Suge Knight

Mistrial Declared in Wrongful Death Suit Against Suge Knight

A judge declares a mistrial for a wrongful death suit against Marion "Suge" Knight.

NBC Universal, Inc.

A judge declared a mistrial Wednesday in a wrongful death suit brought against Marion "Suge'' Knight by relatives of a man run over and killed by the former rap mogul with a pickup truck in Compton in 2015.

Jurors deadlocked 7-5 in favor of finding him liable.

Compton Superior Court Judge Thomas Long took the action after jurors announced they could not attain the nine votes needed to reach a verdict. They first announced late last week that they were at an impasse, but the judge urged them to return Tuesday and keep working.

Knight, now 56, pleaded no contest in September 2018 to voluntary manslaughter for killing 55-year-old Terry Carter after an argument near a promotional shoot for the movie "Straight Outta Compton'' on Jan. 29, 2015. Los Angeles Superior Court Judge Ronald Coen sentenced him to 28 years in prison a month after his plea.

Knight testified on a virtual basis during the civil suit trial.

Knight also admitted an allegation that he used a deadly weapon -- a truck -- during the commission of the crime in the parking lot of Tam's Burgers in the 1200 block of West Rosecrans Avenue. A replica of the business was featured during the Super Bowl halftime show on Feb. 13 at SoFi Stadium.

The plaintiffs in the civil suit, filed in June 2015, are Carter's widow, Lillian, and daughters Crystal and Nekaya.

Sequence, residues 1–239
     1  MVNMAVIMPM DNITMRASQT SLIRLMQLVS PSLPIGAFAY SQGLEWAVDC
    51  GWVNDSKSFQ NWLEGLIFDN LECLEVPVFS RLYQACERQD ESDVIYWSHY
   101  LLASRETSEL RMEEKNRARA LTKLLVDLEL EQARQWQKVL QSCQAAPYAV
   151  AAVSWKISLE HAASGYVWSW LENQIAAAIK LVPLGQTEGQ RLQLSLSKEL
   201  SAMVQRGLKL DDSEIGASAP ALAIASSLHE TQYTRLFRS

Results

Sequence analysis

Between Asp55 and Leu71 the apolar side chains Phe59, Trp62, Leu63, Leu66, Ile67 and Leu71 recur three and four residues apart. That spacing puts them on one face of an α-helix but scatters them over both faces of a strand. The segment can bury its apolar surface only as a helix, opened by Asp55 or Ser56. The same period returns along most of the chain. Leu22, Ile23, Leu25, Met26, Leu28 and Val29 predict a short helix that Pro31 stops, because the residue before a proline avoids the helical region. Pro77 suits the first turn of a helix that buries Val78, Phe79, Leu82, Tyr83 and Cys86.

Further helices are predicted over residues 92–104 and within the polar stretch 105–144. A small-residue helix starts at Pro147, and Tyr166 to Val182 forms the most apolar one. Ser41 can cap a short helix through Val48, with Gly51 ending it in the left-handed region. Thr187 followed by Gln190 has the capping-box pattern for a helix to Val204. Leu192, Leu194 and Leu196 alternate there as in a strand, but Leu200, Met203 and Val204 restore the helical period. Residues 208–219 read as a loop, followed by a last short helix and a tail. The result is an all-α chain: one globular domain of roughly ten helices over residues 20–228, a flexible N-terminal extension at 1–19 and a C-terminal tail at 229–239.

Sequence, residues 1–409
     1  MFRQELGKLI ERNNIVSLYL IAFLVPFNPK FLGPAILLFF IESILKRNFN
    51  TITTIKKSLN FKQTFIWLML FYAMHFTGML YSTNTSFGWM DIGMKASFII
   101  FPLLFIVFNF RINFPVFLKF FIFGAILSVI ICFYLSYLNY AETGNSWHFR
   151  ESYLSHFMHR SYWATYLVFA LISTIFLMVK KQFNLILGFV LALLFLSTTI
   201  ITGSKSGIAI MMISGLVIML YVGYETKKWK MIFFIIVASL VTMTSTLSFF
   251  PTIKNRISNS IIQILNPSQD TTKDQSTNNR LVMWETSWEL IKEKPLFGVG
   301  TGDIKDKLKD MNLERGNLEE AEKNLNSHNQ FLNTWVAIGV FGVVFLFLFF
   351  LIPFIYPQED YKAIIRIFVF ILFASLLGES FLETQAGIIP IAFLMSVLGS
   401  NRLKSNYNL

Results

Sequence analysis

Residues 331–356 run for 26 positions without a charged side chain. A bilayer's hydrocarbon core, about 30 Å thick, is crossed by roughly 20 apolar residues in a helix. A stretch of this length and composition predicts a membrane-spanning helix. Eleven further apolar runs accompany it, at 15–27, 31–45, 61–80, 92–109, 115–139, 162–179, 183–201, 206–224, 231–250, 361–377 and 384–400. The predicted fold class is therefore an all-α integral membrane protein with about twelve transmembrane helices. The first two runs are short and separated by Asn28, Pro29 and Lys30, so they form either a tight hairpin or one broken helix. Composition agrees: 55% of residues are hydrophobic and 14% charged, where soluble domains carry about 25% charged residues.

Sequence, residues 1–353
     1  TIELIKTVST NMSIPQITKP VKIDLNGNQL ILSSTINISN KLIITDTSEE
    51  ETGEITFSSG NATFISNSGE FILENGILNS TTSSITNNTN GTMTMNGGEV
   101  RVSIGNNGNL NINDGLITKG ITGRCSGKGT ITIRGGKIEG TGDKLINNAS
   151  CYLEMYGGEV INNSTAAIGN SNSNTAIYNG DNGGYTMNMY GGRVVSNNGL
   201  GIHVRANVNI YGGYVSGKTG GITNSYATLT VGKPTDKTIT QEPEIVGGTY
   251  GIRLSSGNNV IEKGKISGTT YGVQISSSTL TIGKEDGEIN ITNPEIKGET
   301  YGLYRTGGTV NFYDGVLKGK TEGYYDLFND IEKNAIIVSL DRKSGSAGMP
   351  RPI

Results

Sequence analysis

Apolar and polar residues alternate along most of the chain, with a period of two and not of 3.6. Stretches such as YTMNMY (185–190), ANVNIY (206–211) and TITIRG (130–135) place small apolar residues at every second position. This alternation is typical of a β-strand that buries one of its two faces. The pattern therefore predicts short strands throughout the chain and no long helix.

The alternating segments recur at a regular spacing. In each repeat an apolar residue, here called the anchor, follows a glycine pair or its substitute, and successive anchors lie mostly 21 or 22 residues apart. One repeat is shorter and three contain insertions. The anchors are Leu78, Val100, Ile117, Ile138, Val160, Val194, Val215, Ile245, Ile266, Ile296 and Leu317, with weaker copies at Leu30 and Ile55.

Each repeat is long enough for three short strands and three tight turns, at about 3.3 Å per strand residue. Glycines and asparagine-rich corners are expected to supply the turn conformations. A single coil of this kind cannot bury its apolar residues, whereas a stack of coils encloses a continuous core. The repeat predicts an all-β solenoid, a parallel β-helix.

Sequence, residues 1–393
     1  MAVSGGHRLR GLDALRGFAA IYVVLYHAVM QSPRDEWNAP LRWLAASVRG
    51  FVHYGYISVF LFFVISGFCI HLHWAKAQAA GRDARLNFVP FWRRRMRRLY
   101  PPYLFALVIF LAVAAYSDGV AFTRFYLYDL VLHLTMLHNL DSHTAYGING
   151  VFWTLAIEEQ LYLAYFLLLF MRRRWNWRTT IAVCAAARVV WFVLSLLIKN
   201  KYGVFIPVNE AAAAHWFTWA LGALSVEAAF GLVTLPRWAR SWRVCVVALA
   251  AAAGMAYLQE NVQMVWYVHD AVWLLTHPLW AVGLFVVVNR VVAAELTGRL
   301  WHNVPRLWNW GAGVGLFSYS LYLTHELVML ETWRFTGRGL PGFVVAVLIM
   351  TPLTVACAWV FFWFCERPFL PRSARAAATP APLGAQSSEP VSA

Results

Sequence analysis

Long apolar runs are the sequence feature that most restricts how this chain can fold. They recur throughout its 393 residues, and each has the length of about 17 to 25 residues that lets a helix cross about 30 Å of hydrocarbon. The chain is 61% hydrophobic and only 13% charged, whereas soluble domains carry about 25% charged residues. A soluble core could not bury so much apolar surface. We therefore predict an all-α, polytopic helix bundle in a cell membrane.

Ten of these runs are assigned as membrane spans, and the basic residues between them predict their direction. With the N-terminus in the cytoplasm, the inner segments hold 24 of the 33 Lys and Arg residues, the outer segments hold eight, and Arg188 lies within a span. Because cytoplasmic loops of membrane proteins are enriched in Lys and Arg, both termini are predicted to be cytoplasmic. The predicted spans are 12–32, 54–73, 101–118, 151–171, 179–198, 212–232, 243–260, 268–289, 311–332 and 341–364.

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Knight also struck and seriously injured Cle ``Bone'' Sloan during the confrontation, which was captured on surveillance video. Knight had claimed he was trying to flee the scene in his truck and contended that Sloan, who was working security for the film set, had a gun.

Knight, a Compton-born former football player, co-founded Death Row Records, which in its heyday in the early 1990s was generating revenues of about $100 million per year. He helped launch some of rap's biggest acts, including Dr. Dre, Snoop Dogg and Tupac Shakur. He was with Shakur the night he was gunned down in Las Vegas in 1996.

Knight served five years in prison for assault and federal weapons violations, and after his release in 2001, spent another 10 months behind bars for violating parole by hitting a Hollywood nightclub valet. In August 2014, he was shot a half-dozen times at a Los Angeles-area nightclub.

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